It's been a long time since anyone has got too excited about a Spider-Man game. For too long, the Web slinger has been ploughing the same old open-world, crime-fighting furrow, each version sinking a little further into the soil of mediocrity, and though last year's Web of Shadows was a distinct improvement on the wretched Spider-Man 3: The Video Game, this was one hero in desperate need of a rethink.

Obviously somebody at Activision agrees, as Shattered Dimensions is a real departure from what has come before. Open-world gameplay and triggered missions are on their way out, linear levels and a more straightforward story are on their way in. Well, straightforward is pushing it a little too far. After all, Shattered Dimensions features not just one, but four different versions of Spider-Man.

It's all set up by a tale that involves that fishbowl-headed, magician menace, Mysterio, stealing a mysterious tablet of enormous power from a New York City museum. In the ensuring confrontation the tablet shatters, the chunks ending up in the hands of different super-villains in entirely different times and dimensions. 

In one the classic "Amazing" Spider-Man is battling old-school favourites like The Sandman and Kraven the Hunter. In another, a 1930s "Noir" Spider-Man is fighting crime in a gritty, film-noir universe, facing twisted versions of Hammerhead, the Vulture and the Green Goblin. In yet another, an alternate, "Ultimate" Spidey is back in the black symbiotic suit (as seen in the movie, Spider-Man 3) and dealing with the likes of Electro and Deadpool. And, in one final, futuristic reality, a Mexican "Spider-Man 2099" has to deal with oppressive corporate cops and mutant versions of the Hobgoblin and Scorpion.

The game is divided into three main, four-chapter acts plus a final section, and completing all four Spideys' chapters will open up the next. The levels are incredibly linear, and common abilities and game mechanics mean that there's not a huge distinction between battling Vulture's goons in the Noir universe and Kraven's in the classic one, but the four-way structure does add a certain variety.

The Noir universe is the most interesting, putting the emphasis on stealth and surprise takedowns over straight-up fisticuffs, but in each world you'll find some interesting new challenge, whether it's fighting a super-charged Sandman through sandstorms that destroy the scenery around you, or an over-charged Electro who can make water lethal and send out electrical critters to give you grief. The future episodes, with their focus on fast movement and airborne set-pieces, have a different feel from the classic and ultimate sections. Within each chapter you'll find odd sections with hostages to rescue or endangered bystanders to save, and the game shows an admirable willingness to play with the basic "hero chases villain" formula.

What's more, the game hits a nice balance between acrobatics and combat, with a solid working system for web-swinging, leaping and rapidly moving from point to point, and a smart, tactical fighting system that encourages you to try different strategies on different foes. The Noir sections have a touch of Arkham Asylum about them, and are all the better for it, but while Shattered Dimensions isn't in the same league as last year's Dark Knight masterpiece, it's never less than entertaining. Like the best Marvel comics, it's big, bonkers, brash and - most of all - fun.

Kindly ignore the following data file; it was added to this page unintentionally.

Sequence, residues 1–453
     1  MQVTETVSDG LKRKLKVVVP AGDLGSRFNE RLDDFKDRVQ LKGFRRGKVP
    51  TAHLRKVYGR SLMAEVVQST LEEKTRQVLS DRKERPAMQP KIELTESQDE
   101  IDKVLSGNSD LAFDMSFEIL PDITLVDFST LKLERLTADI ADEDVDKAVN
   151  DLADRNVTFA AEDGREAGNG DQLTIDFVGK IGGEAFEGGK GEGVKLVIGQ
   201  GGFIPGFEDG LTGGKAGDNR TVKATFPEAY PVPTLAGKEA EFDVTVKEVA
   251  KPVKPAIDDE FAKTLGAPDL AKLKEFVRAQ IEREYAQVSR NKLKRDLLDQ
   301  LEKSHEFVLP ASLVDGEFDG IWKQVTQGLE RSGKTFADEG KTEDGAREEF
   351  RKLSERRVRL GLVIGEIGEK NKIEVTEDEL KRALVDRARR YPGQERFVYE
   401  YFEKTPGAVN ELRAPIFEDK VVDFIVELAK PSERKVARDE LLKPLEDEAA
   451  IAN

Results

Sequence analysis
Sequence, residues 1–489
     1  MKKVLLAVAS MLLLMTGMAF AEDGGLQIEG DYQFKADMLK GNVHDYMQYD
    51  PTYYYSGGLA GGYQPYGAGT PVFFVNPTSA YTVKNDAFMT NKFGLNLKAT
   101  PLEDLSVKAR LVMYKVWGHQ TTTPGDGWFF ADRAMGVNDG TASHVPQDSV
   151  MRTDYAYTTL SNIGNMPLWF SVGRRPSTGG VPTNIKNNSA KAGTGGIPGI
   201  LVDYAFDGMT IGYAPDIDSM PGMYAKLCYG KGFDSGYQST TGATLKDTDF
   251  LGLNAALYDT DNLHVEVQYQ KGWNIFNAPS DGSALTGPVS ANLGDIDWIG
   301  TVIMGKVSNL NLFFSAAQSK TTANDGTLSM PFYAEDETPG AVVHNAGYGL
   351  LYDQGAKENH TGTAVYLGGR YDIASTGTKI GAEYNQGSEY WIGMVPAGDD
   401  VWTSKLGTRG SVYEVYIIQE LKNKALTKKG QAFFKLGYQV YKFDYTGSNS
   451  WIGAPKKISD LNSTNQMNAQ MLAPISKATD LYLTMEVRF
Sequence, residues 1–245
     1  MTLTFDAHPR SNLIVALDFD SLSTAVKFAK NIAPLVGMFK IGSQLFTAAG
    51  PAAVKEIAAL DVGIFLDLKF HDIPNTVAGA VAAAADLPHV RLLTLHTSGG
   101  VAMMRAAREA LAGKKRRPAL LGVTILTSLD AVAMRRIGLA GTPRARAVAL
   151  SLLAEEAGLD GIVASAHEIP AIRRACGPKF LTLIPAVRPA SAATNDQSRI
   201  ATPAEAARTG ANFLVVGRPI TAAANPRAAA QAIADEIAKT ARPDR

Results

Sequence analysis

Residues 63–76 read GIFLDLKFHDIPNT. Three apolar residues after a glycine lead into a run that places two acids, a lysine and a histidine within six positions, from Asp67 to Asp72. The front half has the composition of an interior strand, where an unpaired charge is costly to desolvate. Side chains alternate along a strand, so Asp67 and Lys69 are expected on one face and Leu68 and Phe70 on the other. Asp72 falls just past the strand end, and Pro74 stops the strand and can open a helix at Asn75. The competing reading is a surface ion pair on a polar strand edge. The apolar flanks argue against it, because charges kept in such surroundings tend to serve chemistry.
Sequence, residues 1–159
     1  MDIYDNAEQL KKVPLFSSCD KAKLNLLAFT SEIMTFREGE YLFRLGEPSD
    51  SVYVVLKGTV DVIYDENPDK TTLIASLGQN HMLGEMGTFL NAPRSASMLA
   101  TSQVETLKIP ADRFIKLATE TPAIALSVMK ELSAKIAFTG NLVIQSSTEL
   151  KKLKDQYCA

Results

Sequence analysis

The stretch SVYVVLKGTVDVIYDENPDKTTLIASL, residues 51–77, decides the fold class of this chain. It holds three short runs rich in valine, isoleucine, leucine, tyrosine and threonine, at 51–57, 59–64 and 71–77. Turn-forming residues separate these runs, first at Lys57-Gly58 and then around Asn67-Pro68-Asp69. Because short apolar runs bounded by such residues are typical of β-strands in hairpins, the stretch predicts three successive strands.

Visually, the four universe idea pays dividends too. The monochrome tones and restrained palette of the Noir chapters, with their gruesome characters and gritty textures, look very different from the high-colour, cell-shaded "Amazing Spider-Man" sections, and each Spidey's world has its own spectacular highlights and distinctive style. Across the board, there's great animation and strong character design. This is how you want a Spider-Man game to look and feel.

There are some reasons to grumble, so grumble we will. Many episodes hang around slightly longer than they should with multiple boss battles broken up by more straightforward stealth or fighting sections that effectively repeat what you've seen before. In a few places, confusing layouts or poor signposting make it hard to know what to do next. The worst thing is the camera. You soon learn to avoid actual wall-crawling, so disorienting is the effect on your point of view, but even in fights and simple web-slinging, sudden lurches and weird changes of angle prevent you from seeing what you really need to see. It's not game-breaking, but it is annoying, particularly in the Noir sections where you'll find yourself moving around and adjusting the viewpoint in order to make a takedown that any smart web-slinger should pull off with ease.


Otherwise, Shattered Dimensions is a winner. Some may miss the free-roaming and the complexity of the earlier Spidey titles, but the new game still has a deep and interesting character upgrade system, and a wealth of bonus challenges and collectibles to maintain your interest. Most importantly, it's a great game for fans, not only because it's steeped in Spidey's history, but because it also introduces those of us who don't regularly follow the comics to some different takes on the character and, arguably, the most brilliant villain roster of any super-hero. No, it's not as good as Arkham Asylum, but it's still the best Spider-Man game for several years, and a great game for true believers, young and old.